Kate Rusby is on tour promoting her new recording Life in a Paper Boat, and her concert at the Lowry’s Lyric Theatre, naturally enough, featured it heavily. With no supporting act, she was on stage for over two hours, backed by her four-piece band: husband Damien O’Kane on guitars and banjo, bassist Duncan Lyle, accordionist Nick Cooke, and Steven Byrnes on assorted guitars. Rather oddly for a folk band, they were all dressed uniformly in black. The stage featured some rather charming paper boat lights, in a nod to the title of the new album.


It was clear from the beginning that Kate was not at her absolute best medically, and she admitted as much at one point, having broken off from singing to have a cough. She coped well, however, only struggling occasionally in the higher registers. In the first half of the show, she presented a crowd-pleasing mixture of songs from the new album and some old favourites. The new songs are strong, both those newly written and those from the folk tradition. ‘Benjamin Bowmaneer’, a bizarre old ballad that some may remember as recorded by Eliza Carthy, got us off to a rousing start. One highlight of the opening set was a new song, inspired by images of refugees in the Mediterranean. This is the title track of the new album, and Kate’s distinctively breathy vocal was the ideal vehicle for the poignant message it contained. The Rusby back catalogue was not neglected, and songs such as ‘Cruel’ and ‘Wandering Soul’ were well received by a sparse audience. To digress for a moment, the Lyric was about half full, and most of those present, including your reviewer, were of advanced years. One wonders how younger folk acts will fare when this demographic has, shall we say, moved on.

Kate Rusby does like a chat. She has developed a persona that makes much of her Yorkshireness, to the extent that sometimes it felt like we were witnessing an audition for Emmerdale, and you longed for her to get on with the singing. The meandering inter-song bits of banter were bearable, however, because they prefaced some real treats: particularly enjoyable were the oldie ‘We Will Sing’ and ‘Elfin Knight’ from the new recording.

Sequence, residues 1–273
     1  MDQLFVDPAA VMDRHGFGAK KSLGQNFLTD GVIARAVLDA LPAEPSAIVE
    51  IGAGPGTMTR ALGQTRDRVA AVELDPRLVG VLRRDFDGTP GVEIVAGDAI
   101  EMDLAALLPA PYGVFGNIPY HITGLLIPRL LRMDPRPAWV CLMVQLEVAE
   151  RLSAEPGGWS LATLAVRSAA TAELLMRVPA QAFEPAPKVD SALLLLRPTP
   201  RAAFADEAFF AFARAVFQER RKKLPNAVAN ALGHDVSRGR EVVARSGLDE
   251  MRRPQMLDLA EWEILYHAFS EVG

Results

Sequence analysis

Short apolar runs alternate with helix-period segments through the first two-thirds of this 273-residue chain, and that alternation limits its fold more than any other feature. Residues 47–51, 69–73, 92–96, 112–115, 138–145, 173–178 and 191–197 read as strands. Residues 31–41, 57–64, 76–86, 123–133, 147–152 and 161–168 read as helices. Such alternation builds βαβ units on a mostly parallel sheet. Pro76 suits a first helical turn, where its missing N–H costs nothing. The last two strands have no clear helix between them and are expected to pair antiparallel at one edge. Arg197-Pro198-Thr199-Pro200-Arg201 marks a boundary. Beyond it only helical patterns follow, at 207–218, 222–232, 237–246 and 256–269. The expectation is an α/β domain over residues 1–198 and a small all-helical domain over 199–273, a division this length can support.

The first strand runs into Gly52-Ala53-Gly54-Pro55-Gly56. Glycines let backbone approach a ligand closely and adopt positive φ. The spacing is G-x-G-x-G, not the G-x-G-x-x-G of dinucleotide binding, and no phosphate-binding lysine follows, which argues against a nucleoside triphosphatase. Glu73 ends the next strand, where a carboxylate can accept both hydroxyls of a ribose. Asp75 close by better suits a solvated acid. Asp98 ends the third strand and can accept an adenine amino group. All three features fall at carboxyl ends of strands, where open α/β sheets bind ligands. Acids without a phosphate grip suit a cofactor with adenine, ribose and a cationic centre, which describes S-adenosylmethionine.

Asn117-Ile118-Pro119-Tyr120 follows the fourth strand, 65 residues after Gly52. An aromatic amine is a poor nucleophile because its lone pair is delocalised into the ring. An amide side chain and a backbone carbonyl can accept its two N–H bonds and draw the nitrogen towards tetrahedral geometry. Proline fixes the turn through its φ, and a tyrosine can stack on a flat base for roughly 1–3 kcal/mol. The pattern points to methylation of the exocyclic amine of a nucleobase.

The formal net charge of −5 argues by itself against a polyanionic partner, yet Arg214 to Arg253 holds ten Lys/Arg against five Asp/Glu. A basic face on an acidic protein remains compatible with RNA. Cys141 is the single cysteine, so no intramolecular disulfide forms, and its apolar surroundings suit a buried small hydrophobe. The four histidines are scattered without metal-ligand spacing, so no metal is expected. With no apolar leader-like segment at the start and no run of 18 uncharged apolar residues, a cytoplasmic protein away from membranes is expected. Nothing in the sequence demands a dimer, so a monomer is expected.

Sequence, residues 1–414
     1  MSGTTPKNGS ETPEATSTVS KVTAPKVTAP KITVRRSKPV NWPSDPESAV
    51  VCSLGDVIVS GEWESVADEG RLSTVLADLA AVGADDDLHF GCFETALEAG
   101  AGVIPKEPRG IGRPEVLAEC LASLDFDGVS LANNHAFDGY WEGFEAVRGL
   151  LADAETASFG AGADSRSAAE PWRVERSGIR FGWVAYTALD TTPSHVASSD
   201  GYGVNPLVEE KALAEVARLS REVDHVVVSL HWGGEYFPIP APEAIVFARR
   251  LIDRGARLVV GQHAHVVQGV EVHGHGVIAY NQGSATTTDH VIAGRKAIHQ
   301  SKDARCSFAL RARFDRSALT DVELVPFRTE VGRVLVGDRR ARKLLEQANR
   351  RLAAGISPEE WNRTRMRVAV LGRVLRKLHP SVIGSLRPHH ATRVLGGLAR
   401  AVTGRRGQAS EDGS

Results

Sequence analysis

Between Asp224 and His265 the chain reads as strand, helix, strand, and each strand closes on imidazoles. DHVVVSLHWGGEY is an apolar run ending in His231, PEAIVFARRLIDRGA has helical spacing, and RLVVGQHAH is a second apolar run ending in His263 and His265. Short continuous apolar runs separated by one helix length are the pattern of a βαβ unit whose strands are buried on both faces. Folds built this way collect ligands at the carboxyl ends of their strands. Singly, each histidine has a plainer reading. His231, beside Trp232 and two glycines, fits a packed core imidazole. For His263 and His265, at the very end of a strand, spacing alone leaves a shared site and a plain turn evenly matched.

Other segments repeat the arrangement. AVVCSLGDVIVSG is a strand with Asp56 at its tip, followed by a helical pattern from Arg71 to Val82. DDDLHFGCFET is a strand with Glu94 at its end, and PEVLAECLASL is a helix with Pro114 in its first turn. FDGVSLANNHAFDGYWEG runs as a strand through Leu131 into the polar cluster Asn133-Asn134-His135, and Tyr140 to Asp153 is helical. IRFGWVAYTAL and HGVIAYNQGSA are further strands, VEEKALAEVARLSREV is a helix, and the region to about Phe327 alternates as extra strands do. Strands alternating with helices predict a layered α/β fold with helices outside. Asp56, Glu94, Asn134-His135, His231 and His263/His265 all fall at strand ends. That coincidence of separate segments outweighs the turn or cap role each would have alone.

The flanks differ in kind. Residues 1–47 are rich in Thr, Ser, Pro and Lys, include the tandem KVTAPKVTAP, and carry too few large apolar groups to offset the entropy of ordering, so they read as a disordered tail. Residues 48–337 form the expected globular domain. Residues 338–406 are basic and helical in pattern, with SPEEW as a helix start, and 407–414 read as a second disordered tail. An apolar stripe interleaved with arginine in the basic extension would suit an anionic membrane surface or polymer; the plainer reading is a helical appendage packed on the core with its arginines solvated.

The players in the band are clearly very accomplished, and the arrangements were delicately intricate, but sometimes, particularly in the first half, a fiddle or a penny whistle would have brought some welcome muscularity to the sound. Instead, we were treated to some very occasional interventions from a mini-moog, played mainly by Duncan Lyle with his right hand whilst holding his bass with the other. It felt gimmicky, and added very little.


The Rusby chat often focused on her family, and tonight she also got the audience to sing ‘Happy Birthday’ to her mother, who was presented with a cake. It was a sweet gesture, followed by one of the new songs, ‘Hunter Moon’, a dreamy tale of unrequited love among celestial objects.


Having presumably had a soothing tisane during the interval, Rusby was able to sing and project more effectively in the second half, which again featured some favourites and some new material. She finished the concert with a beautiful version of the old standard ‘Wild Mountain Thyme’, which she calls ‘Blooming Heather’ and which elicited the best audience participation of the night. For the encore, the ensemble emerged in blue satin capes, which were appropriate garb for the song ‘Big Brave Bill’ about a Barnsley based superhero. This was great fun: Bill flies around solving such crises as a Majorca holidaymaker’s lack of proper tea. Indeed, I hope Ms Rusby has some sponsorship from Yorkshire Tea, as the product got several mentions, and is featured in the song. We were encouraged to join in the chorus, and to raise our arms in a suitably ‘superhero stance’ kind of way, like Superman about to fly off somewhere. This worked brilliantly, to the extent that we might have been recreating the Nuremburg rally.


It was a warm and lively end to the show, which had showcased the best of Rusby’s work along with her interesting new songs. She’s now approaching twenty-five years as a recording artist, and shows no signs of slowing down.


Reviewer: Rob Spence

Reviewed: 5th October 2016

North West End Rating: ★★★★